Creating a Map Legend

Key to Understanding Map Symbols for Print and Web

Key Legend Example
Portion of a map and legend. | Image by 16 Miles of String CC BY-SA 2.0 via

Maps and charts use stylized shapes and symbols as well as common map colors to designate features such as mountains, highways, and cities. The legend is a small box or table with the map that explains the meanings of those symbols. The legend may also include a map scale for help in determining distances.

Designing a Map Legend

If you are designing a map and legend, you may come up with your own symbols and colors or you may rely on standard sets of icons, depending on the purpose of your illustration.

Legends usually appear near the bottom of a map or around the outer edges. They may be placed outside or within the map. If placing the legend within the map, set it apart with a distinctive frame or border and don't cover up any important portions of the map.

While the style can vary, a typical legend has a column with the symbol followed with a column describing what that symbol represents.

  • Position the legend on the map and include all the symbols used on the map in the legend.
  • Keep the legend (and the map) as simple and easy to read as possible. This isn't the time for a fancy design.
  • The style of the legend should match the style of the map itself.

Creating the Map

Before you create the legend, you need the map. Maps are complex graphics. The designer's challenge is to make them as simple and clear as possible without omitting any important information. Most maps contain the same types of elements, but a designer controls how they are presented visually.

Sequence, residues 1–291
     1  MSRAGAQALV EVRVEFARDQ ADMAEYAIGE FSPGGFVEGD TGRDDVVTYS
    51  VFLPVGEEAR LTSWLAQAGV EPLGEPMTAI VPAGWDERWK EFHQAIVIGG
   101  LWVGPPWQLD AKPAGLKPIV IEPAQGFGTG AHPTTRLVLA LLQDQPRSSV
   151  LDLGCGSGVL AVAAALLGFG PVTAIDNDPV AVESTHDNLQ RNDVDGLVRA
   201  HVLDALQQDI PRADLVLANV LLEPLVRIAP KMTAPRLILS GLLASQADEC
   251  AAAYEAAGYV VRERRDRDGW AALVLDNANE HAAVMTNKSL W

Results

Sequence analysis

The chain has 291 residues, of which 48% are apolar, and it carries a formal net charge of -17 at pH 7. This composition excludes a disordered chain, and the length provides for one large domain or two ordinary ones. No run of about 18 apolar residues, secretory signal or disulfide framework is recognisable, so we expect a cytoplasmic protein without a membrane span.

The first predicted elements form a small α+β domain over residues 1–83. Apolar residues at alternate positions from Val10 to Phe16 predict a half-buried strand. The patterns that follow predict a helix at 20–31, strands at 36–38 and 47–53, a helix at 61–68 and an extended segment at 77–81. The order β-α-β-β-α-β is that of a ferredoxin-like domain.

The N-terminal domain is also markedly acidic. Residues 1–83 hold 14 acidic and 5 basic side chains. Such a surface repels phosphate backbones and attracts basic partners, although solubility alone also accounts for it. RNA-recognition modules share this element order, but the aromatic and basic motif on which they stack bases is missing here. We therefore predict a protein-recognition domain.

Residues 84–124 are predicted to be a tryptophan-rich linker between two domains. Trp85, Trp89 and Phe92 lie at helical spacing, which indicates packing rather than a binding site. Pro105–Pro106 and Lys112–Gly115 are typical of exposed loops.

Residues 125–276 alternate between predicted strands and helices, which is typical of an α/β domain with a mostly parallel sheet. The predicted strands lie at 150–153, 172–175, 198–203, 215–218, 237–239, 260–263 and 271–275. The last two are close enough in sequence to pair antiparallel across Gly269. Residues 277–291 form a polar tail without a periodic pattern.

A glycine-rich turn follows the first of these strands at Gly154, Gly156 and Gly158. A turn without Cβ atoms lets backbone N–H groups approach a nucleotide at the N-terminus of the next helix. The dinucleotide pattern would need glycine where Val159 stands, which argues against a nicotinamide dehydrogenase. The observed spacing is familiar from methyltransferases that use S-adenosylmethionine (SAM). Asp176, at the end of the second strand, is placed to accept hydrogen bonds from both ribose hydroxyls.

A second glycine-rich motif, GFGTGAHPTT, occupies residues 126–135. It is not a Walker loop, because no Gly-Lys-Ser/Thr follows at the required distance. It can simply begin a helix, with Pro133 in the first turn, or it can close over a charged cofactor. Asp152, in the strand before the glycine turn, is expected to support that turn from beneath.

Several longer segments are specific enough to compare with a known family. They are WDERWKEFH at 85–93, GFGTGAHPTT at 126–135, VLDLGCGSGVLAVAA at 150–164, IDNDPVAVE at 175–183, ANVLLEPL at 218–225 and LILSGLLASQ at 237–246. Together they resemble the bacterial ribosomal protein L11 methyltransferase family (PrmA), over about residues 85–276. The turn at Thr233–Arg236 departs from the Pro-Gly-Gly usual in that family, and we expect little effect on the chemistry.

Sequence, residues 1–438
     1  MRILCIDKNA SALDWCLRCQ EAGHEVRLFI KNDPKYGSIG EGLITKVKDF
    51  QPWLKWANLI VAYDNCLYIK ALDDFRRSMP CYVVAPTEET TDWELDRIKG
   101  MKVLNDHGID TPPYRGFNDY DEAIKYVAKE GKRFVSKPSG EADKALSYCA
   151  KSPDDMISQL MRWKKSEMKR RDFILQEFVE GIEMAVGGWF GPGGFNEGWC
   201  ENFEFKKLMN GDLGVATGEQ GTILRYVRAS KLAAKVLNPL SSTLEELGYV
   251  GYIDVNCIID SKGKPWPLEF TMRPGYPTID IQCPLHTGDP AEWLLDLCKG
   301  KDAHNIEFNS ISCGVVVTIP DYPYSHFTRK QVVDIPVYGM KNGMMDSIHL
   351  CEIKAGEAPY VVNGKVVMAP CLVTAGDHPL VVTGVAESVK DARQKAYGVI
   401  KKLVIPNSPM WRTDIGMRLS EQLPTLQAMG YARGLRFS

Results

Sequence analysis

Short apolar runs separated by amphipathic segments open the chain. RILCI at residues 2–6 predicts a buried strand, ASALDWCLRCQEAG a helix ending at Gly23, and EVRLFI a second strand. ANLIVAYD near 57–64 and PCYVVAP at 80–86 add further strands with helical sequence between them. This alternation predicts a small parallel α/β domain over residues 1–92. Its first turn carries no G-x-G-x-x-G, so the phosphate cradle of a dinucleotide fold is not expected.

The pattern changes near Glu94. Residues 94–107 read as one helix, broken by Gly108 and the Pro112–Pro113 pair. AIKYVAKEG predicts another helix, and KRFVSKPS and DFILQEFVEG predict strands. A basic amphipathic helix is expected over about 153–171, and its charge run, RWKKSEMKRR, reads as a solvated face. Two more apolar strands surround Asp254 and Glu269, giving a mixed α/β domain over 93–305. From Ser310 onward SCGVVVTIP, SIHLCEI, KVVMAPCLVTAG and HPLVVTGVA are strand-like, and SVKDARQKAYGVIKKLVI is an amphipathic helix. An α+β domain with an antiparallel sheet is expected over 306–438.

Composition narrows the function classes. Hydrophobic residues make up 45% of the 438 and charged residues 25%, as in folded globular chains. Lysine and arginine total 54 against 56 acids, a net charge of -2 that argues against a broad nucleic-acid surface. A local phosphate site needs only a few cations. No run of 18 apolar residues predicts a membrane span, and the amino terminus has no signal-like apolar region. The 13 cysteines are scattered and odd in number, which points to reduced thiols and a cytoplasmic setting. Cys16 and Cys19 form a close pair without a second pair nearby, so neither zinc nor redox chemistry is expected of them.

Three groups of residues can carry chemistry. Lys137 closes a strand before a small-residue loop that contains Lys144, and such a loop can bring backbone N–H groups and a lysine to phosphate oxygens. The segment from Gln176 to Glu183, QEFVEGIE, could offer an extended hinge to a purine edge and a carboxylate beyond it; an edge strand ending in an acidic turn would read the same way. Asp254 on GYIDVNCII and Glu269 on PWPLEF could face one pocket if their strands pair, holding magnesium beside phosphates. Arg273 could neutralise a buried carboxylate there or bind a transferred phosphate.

Those elements include:

  • Title
  • Legend
  • Scale
  • Mapped areas (objects, land, water)
  • Borders
  • Symbols 
  • Labels

As you work in your graphics software, use layers to separate the different types of elements and to organize what can end up being a complicated file. Complete the map before you prepare the legend.

Symbol and Color Selection

You don't have to reinvent the wheel with your map and legend.

It may be best for your reader if you don't. Highways and roads are usually represented by lines of a variety of widths, depending on the size of the road, and are accompanied by interstate or route labels. Water is usually indicated by the color blue. Dashed lines indicate borders. An airplane indicates an airport.

Examine your symbols fonts. You may already have what you need for your map, or you can search online for a map font or a PDF that illustrates the various map symbols. Microsoft makes a map symbol font. The National Park Service offers map symbols that are free and in the public domain.

Be consistent in the use of symbols and fonts throughout the map and legend—and simplify, simplify, simplify. The goal is to make the map and legend reader-friendly, useful, and accurate.